EFFICIENT UNEMPLOYMENT INSURANCE: Introduction 3

The result that UI is welfare improving is also related to the implicit contract literature developed by Azariadis (1975), Bailey (1974), and Gordon (1974). In this literature, firms provide insurance to risk-averse workers by increasing employment above the first-best level. Introducing UI would make workers more willing to take the job loss risk and improve welfare. There are, however, important differences between this story and our’s further.

First, endogenous job composition (capital-labor ratios) and free entry play key a role in our model, and imply that UI not only increases ex ante welfare but also raises the level of output and improves the composition of jobs. In the standard implicit contract model, UI reduces output, and there are no implications about job composition. Second, our result is derived in a general equilibrium search model, which has two advantages: (i) the source of the inefficiencies are fully specified, and we show that when frictions disappear, the economy is efficient and there is no room for UI; (ii) firms cannot improve upon the decentralized equilibrium, which contrasts with the implicit contract setting where firms can increase their profits by introducing severance payments.

Analyses of optimal UI in the presence of asymmetric information, e.g. Shavell and Weiss (1979), Hansen and Imrohoroglu (1992), Atkeson and Lucas (1995) and Hopenhayn and Nicolini (1997), and partial equilibrium analyses of UI such as Mortensen (1977) also relate to our work. But because they treat the distribution of jobs and wage offers as exogenous, they do not share our result that UI may increase output.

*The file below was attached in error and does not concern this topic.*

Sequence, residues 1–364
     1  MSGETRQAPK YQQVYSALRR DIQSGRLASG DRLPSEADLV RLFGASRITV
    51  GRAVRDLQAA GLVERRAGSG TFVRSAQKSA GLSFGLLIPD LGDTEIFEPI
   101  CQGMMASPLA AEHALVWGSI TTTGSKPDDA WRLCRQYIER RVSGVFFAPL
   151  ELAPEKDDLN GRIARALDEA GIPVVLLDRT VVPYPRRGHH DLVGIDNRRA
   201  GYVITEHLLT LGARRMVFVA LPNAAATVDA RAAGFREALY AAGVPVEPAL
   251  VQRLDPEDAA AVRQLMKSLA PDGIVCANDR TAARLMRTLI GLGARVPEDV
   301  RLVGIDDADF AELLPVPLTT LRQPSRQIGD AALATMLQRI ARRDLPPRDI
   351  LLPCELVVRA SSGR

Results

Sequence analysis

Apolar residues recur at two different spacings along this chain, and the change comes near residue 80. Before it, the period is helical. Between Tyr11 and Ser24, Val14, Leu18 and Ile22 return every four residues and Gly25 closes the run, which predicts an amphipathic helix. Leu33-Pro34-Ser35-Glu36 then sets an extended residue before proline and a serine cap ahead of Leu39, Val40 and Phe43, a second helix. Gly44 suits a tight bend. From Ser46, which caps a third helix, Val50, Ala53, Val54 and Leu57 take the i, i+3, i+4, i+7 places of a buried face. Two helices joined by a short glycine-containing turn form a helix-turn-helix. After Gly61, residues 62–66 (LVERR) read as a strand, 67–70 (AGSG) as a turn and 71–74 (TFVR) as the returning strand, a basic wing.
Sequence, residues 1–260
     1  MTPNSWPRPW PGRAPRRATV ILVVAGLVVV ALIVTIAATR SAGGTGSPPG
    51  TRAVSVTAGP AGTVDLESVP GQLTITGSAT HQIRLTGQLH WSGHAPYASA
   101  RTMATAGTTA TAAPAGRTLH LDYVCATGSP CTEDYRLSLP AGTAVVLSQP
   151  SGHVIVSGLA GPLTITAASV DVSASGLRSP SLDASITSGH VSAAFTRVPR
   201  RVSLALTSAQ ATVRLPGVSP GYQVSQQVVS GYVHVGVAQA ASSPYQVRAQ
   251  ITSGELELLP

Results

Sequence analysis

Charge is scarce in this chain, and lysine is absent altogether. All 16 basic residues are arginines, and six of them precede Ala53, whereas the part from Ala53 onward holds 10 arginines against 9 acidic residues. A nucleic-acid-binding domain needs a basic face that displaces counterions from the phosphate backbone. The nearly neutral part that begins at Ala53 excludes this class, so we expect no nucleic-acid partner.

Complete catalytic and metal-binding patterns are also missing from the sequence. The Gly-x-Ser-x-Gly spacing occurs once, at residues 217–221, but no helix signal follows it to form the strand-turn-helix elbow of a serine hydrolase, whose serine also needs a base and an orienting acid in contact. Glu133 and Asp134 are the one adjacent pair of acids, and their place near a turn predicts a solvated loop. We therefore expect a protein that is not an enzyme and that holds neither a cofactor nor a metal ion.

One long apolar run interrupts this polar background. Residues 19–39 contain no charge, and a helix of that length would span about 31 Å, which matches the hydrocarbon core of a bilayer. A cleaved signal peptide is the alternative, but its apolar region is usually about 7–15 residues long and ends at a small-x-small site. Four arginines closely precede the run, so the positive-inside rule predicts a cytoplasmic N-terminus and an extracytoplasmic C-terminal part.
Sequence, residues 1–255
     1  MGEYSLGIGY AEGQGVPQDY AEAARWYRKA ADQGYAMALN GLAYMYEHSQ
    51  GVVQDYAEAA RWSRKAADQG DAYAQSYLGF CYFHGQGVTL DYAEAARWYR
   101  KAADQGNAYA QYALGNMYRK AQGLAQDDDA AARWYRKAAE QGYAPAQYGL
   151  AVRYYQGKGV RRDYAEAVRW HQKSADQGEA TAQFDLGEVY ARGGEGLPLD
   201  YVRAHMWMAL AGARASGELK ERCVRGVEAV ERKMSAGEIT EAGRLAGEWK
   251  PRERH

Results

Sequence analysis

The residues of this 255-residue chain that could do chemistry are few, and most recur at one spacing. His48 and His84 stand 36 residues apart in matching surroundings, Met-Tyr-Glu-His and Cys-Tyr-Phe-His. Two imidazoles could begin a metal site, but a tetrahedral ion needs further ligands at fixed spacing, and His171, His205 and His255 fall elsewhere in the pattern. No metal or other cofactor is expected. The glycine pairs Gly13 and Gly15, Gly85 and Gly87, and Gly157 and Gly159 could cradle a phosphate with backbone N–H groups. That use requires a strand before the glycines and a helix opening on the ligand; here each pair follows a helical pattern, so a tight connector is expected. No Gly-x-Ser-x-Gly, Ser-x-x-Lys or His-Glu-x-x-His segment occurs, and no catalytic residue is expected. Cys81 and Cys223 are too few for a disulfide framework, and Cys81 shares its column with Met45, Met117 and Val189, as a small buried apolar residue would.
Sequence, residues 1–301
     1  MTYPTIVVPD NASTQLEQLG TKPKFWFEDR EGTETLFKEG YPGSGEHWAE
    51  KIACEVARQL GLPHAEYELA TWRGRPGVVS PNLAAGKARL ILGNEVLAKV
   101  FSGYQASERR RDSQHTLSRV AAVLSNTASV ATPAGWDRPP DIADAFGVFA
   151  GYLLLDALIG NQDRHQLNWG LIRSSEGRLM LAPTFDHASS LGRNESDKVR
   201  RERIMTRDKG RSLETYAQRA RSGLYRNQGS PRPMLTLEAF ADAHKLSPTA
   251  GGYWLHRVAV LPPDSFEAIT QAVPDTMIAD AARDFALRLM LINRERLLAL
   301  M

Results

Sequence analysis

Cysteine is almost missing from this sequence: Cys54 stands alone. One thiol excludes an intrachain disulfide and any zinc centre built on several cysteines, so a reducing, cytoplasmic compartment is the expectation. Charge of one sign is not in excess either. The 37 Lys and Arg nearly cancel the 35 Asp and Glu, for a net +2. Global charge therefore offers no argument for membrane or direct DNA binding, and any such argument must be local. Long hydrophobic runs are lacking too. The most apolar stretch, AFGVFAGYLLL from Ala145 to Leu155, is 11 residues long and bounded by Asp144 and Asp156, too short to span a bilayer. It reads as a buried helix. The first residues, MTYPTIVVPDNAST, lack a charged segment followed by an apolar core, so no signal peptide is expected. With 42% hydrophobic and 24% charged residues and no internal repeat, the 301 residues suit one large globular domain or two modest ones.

We start in the next section with a static model that illustrates most of our main points. To highlight our main innovations, we also abstract from conventional moral hazard. In Section 3, we analyze the output implications of risk-aversion and UI. In Section 4, we characterize the optimal level of UI. Section 5 extends our analysis to a dynamic setup and introduces conventional moral hazard. Section 6 discusses extensions and empirical implications of our analysis. Section 7 concludes. Appendix A contains the important proofs, while the remaining proofs are available upon request.